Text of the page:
Real Estate Dictionary
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Dictionary Real Estate 5

Dictionary Real Estate continued:

REALTY (Real Estate; Real Property) - Physical land including any appurtenances to that land including all structures affixed to or erected up then land, and thus part of the realty. 

Examples of items that are part of the realty are trees, mineral deposits, and any mamade improvements to the property (e.g., gates, fences, a garage). An exception is currently growing crops, which are considered personalty (personal property).

Also included as being part of the real estate are the rights associated with its ownership, including the right to own or use the property (e.g., the Bundle of Rights). 

REASONABLE CARE AND DILIGENCE (Care) - This provision of Fiduciary Duty requires an agent to use their best effort and skill to help their client(s). This may include, for example, helping the client determine a property’s fair market value, demonstrating every reasonable effort to market the client’s property, and overseeing all aspects of the client’s sale or purchase.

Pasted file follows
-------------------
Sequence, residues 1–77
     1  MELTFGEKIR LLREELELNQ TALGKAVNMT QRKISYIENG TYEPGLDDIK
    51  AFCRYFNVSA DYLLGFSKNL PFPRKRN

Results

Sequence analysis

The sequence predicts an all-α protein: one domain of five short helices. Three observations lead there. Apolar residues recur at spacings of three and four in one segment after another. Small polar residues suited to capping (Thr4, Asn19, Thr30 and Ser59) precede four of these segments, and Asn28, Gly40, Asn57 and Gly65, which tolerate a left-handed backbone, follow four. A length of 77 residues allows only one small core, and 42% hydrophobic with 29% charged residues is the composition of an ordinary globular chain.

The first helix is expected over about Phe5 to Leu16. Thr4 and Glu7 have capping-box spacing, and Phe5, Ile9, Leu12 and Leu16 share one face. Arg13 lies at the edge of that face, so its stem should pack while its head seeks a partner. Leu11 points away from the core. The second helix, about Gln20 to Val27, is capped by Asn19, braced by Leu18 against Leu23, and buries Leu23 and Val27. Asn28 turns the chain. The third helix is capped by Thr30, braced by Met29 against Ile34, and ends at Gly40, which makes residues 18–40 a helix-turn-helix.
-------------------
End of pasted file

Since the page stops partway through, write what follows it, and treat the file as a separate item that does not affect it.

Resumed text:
While a real estate professional is expected to show competence and expertise in the field of real estate, the agent is not expected to be able to perform tasks outside of the scope of a licensed real estate professional. When skills beyond this scope are required, then the real estate professional is expected to acknowledge this and suggest that the client hire an expert in these other areas (e.g., inspector, engineer, lawyer).

RECORDER - A public official and/or public agency that keeps the local real estate transaction records for a specific geographical area.

RECORDING - The official filing of legal documents (e.g., lien, legal documents) and thus entering them into the public record. This may include entering the written record of a real property (real estate) title into the appropriate public record. This act serves to give constructive notice to the public.

REFINANCE - To obtain a new loan (e.g., a mortgage) in order to get better terms, such as a lower interest rate, and then using the new loan to pay off some or all of an existing (prior) loan; using the proceeds of a new loan to pay off a previous loan.